Leaving Things Out
Sometimes, it can be more important what you leave out than what you include when trying to improve your photography.
One of the most common reasons people give for buying a camera is the desire to record the events of their life. Shooting with this objective in mind, they end up with a lot of images of birthday parties and other family gatherings. It's not uncommon for such images to suffer from one of the most common photography mistakes a beginner can make: cutting off people's feet. Literally focusing on people's faces, they inadvertently forget that those people also have feet. Reviewing the images they end up with often reveals that all the friends and family in the images don't have any feet showing, a trait that generally doesn't look very natural, to say the least Once they notice this common flaw, it only takes a small amount of extra attention to remember to recompose so as to clearly include people's feet.
But this isn't the only kind of "leaving things out" I wanted to talk about this week.
Another type of omission that far too many outdoor photographers commit is the failure to bring essential items with them. There's a common concept of the "ten essentials" that you should always carry with you in the outdoors in order to stay safe. The exact list varies between sources, but the concept is the same. Even if you are heading out for what should be an easy afternoon hike, you never really know when circumstances will cause things to work out differently. Some form of map and compass, fresh drinking water, a flashlight, warm clothes, and similar items can have a profound impact on your ability to stay comfortable and perhaps even to survive if you find yourself lost and having to spend the night in the wild.
Long ago, I once drove several hours north from Seattle to the end of the Mt. Baker Highway for sunset in the heart of the North Cascades, the seemingly perfect way to begin a weekend of shooting. Although I arrived at my destination right at sunset and jumped out of the car believing that I was ready to take some killer images, I found to my dismay that I had forgotten to bring my tripod with me. This reality sunk in as I rummaged in the car, only to eventually become convinced it was still sitting on the counter back at home. In my hurry to pack and get out the door for my weekend trip, I had left behind what I consider do to be an essential item, at least for the kind of images I shoot. A weekend without my tripod? Not a pleasant prospect. I hadn't left out those items generally considered the "ten essentials," but for an outdoor photographer, a tripod is pretty darned important, and I had left mine at home.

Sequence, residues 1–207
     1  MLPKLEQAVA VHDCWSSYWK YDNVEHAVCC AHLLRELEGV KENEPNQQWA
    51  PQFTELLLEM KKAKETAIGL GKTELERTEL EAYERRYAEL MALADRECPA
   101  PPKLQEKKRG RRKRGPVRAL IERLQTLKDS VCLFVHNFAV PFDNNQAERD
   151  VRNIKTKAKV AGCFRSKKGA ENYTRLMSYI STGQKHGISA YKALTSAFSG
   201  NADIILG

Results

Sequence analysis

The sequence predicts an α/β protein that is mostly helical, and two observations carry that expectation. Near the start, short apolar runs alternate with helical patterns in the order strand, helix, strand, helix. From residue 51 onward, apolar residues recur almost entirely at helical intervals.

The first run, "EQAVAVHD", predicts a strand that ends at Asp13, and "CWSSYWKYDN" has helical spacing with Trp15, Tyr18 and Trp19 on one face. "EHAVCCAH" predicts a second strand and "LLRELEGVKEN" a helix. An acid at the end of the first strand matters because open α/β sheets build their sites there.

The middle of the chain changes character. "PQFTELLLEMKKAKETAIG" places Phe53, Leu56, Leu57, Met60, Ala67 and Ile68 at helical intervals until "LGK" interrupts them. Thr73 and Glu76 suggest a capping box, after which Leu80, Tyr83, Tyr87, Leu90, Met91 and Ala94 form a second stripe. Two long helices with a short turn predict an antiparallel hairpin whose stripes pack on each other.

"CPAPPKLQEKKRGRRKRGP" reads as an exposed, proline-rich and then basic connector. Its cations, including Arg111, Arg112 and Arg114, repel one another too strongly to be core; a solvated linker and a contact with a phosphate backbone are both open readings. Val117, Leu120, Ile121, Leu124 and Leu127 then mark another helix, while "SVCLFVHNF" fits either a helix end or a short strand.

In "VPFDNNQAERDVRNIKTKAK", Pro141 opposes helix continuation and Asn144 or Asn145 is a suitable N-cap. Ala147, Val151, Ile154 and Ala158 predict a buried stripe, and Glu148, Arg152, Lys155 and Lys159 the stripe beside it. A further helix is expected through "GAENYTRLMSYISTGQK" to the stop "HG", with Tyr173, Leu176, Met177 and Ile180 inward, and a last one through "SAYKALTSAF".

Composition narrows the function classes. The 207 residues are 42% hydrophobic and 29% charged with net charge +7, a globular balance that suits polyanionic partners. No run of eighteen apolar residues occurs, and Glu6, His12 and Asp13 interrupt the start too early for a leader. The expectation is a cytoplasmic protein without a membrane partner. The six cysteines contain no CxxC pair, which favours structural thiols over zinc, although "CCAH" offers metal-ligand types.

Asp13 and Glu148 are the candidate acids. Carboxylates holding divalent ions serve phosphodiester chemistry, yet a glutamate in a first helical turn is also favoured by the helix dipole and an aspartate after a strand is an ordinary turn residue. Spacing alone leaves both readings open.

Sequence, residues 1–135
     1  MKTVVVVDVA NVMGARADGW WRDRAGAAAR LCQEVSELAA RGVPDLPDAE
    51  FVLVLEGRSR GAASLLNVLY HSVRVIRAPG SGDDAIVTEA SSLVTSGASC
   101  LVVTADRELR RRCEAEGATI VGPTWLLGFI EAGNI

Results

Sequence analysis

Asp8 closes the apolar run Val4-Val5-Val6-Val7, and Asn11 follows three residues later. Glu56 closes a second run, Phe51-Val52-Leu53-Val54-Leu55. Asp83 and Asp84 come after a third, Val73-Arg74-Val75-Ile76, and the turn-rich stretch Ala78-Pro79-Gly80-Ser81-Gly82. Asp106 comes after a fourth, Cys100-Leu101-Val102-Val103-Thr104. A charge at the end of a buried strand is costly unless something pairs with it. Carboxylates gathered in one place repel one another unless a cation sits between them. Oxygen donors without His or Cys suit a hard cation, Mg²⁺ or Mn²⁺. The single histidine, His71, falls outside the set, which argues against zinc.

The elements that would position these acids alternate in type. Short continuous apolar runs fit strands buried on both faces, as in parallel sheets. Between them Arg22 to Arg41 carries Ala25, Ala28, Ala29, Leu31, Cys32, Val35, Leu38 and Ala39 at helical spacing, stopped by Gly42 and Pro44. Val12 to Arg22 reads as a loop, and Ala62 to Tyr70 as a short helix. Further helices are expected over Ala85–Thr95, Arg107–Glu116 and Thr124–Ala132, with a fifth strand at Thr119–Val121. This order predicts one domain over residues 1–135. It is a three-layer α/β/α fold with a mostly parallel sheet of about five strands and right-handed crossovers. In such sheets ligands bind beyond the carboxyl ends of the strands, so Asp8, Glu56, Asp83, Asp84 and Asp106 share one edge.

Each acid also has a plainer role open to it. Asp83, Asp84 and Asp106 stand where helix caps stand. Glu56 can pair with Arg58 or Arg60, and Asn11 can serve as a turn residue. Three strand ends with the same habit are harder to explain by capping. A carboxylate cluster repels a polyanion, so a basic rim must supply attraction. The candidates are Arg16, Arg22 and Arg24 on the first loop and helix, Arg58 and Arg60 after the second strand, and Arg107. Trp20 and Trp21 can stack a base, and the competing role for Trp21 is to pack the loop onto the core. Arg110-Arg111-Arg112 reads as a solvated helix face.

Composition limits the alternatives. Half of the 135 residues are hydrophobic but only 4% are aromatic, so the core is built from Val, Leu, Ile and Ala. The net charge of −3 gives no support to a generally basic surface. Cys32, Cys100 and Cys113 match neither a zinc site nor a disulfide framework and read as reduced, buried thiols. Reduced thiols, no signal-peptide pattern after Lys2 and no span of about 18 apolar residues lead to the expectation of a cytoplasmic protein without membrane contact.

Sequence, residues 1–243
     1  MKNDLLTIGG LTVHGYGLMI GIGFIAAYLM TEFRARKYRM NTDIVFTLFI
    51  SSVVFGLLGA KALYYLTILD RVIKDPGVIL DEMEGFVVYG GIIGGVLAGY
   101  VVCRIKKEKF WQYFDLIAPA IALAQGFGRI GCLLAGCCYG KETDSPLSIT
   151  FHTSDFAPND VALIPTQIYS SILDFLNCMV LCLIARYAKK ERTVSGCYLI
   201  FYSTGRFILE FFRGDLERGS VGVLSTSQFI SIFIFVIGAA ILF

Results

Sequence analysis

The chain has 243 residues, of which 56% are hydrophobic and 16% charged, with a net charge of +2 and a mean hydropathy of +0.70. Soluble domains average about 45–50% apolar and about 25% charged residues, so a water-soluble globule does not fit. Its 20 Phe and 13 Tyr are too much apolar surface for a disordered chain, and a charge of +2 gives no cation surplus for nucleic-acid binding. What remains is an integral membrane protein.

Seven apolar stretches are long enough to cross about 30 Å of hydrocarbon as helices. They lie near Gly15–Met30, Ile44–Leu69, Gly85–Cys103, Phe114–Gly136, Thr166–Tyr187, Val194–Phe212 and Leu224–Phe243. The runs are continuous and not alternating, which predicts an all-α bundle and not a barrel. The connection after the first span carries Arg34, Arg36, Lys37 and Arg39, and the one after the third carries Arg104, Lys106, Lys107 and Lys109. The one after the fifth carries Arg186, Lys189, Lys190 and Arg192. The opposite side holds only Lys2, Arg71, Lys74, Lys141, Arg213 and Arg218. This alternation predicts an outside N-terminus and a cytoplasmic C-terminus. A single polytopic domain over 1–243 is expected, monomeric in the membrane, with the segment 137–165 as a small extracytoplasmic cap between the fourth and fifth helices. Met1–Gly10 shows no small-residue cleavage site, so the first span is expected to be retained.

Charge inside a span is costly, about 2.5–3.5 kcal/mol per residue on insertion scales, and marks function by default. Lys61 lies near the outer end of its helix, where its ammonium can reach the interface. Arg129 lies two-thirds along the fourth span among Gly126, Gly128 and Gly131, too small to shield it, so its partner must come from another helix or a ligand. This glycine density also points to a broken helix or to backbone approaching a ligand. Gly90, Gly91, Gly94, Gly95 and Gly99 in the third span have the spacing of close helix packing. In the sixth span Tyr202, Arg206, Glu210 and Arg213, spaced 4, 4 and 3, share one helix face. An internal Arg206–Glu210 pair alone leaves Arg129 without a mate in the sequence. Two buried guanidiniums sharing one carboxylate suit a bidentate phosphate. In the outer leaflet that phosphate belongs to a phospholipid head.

After weighing alternatives, I eventually put into motion the best option I seemed to have among the bad choices available to me. The entire weekend would pretty much be a bust without a tripod, so I sheepishly got back in my car and drove home to get it. By this time of the evening, the commuter traffic had hopefully died down, and I reasoned that I could drive home, get my tripod, drive back, and still have at least a bit of time to sleep before sunrise. At least this way, I could salvage most of the weekend for the type of shooting I had originally planned.
But as embarrassing as this type of "leaving things out" was for me back then, it isn't the only type I wanted to talk about this week either. I'm going to assume you won't make the mistake I did of leaving your tripod behind. I'm going to assume you've been taught about the ten essentials of outdoor survival. I'm even going to assume you've mastered your compositional skills enough not to crop out your friends and family members' feet. Hopefully these are all types of omission that you have already learned to avoid, or at least you do your best to avoid them.
The less obvious type of leaving things out, and the one I started out thinking about that led to this week's article is seemingly much harder for photographers to learn. And it's really the exact opposite of the problems I've already discussed. Rather than leaving something out that should have been included, this problem deals with including things that would be better left out. When taking pictures, it's ridiculously tempting to cram everything you can into an image. But for making the best images you can, it can often be more important what you leave out than what you include.
If you were to see my house right now, you'd find a great deal of clutter. I may not qualify as a true packrat, but I definitely have tendencies in that direction. It just seems that there's never enough places to put everything.
When taking pictures, it can be all too easy to be a packrat. Everything just seems so interesting, so worthy of being photographed. But more of a good thing doesn't generally lead to better pictures. A lot of clutter in an image can be confusing for those looking at it. The watch word here is "simplify!"
Start with whatever your eye guides you to. Compose the image the way you see fit. But once you do, look for ways to simplify the image. How can you reframe the subject so as to crop out what doesn't need to be there? Once you do this, do it again. And again. Each time, you will likely end up with a more focused and thus more powerful image of your intended subject. If you're having second thoughts about leaving something out, take some shots with your current composition before continuing to simplify. If you find that you've gone too far, you can rest easy knowing you've already got the shot with your earlier composition.
In today's world, memory cards are cheap, so fire away, and then work the composition further. When packing for your trip, you didn't leave out your extra memory cards, now did you?